It is not just the retirees of distressed or bankrupt companies such as Bethlehem Steel, Chrysler, Ford (F - Get Report) and GM (GM - Get Report) who are finding that the health care that they had anticipated receiving in retirement will no longer be provided.
According to the Kaiser Foundation, back in 1988, 66% of retirees had company health coverage. By 2003 this had dropped to 38%, and in 2007 it was 33%.
With more companies due to announce similar cutbacks before the Medicare enrollment period, company-paid health coverage in retirement seems to be disappearing into the sunset alongside the defined-benefit pension plan.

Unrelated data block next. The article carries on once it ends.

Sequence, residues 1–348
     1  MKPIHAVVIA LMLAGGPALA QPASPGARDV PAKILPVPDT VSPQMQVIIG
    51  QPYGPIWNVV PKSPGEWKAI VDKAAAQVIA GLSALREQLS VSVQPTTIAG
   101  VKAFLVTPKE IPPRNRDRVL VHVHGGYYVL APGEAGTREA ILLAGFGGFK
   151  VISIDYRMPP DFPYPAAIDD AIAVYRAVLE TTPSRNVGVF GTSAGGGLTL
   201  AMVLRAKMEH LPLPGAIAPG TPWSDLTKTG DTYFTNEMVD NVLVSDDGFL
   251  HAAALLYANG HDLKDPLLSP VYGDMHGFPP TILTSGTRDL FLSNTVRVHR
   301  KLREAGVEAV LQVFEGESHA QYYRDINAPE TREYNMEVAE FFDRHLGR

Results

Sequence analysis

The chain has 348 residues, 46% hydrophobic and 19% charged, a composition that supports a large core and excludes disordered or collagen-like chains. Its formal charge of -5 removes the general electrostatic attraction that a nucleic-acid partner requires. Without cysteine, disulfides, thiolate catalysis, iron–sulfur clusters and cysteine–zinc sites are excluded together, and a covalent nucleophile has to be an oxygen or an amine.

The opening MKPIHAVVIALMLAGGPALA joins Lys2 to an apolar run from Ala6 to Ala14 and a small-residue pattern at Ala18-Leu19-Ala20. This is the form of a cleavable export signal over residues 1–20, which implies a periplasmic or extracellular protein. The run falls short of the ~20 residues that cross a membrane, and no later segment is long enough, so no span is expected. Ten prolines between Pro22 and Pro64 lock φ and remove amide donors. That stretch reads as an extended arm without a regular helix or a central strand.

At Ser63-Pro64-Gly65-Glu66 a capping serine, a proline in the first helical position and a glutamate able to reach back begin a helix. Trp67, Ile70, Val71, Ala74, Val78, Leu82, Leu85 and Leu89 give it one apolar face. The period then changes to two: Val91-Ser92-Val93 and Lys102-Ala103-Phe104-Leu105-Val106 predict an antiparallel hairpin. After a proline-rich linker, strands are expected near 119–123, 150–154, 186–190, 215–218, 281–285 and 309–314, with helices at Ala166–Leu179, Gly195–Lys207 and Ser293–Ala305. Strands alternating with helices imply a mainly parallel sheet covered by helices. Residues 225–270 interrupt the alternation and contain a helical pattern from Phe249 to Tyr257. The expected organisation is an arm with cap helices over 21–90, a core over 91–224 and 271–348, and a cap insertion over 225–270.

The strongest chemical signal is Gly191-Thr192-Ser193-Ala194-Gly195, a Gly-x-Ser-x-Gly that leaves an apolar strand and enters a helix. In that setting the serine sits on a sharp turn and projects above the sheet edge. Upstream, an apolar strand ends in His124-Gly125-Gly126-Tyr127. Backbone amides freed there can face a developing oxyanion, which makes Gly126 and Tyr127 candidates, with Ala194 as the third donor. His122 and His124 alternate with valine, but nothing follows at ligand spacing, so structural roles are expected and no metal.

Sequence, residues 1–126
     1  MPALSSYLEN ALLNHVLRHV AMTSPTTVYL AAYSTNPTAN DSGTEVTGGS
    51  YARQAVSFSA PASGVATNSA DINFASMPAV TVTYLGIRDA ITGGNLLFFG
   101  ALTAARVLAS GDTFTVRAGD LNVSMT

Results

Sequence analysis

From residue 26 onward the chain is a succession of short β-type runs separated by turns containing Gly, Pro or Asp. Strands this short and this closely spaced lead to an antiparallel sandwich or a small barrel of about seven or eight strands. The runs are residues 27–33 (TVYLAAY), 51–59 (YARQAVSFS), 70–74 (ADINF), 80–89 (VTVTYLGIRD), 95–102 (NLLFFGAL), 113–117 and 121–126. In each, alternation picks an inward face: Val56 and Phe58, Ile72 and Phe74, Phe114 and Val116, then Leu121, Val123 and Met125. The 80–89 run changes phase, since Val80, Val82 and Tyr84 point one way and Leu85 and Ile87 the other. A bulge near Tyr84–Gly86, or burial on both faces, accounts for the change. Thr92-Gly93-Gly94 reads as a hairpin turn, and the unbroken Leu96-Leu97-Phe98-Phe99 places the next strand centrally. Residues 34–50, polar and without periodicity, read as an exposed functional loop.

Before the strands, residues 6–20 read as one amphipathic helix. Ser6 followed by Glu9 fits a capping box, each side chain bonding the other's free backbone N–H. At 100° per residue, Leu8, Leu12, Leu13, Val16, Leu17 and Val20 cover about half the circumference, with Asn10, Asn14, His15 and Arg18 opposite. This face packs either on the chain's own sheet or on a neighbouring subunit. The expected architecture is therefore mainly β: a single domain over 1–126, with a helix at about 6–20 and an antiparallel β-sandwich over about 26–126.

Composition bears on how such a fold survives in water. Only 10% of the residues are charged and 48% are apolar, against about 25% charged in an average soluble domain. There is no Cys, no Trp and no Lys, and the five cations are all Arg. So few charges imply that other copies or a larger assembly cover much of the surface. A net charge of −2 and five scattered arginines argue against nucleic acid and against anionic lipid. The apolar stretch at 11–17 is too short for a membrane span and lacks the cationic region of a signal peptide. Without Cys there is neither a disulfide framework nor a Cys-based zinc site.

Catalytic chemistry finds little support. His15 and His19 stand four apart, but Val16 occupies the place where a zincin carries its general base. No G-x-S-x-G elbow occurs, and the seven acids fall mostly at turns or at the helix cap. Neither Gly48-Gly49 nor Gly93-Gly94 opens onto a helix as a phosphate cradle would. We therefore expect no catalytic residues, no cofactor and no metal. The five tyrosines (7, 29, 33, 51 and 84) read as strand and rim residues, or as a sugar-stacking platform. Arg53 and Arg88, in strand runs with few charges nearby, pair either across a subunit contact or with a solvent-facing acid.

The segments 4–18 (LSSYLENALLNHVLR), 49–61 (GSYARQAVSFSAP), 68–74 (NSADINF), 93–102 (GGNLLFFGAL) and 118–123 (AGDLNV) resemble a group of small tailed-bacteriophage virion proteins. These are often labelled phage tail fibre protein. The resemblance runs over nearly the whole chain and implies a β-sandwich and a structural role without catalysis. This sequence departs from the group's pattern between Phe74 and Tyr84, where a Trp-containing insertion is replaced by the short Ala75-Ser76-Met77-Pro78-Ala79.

Not so fast. The perk of health care in retirement may appear to be going away, but the reality for existing retirees and for many current employees is very different.Early Retirees Still Covered Despite the headlines, 30% of companies employing 200 or more, including GM, are leaving health coverage in place until retirees reach 65 and qualify for Medicare, so younger retirees have coverage. Of those companies, 23% continue to offer health care for the Medicare eligible. The issue is that companies have taken differing approaches to the over-65 group. Health Care Alternatives Some companies have stopped providing health care altogether for older retirees, leaving them to obtain coverage under Medicare when they qualify. Others have taken an approach that, in essence, results in company-sponsored health care remaining. Although there are no current statistics available to demonstrate the extent of the trend, there are several examples of traditional industrial corporations that have removed large health care liabilities from balance sheets.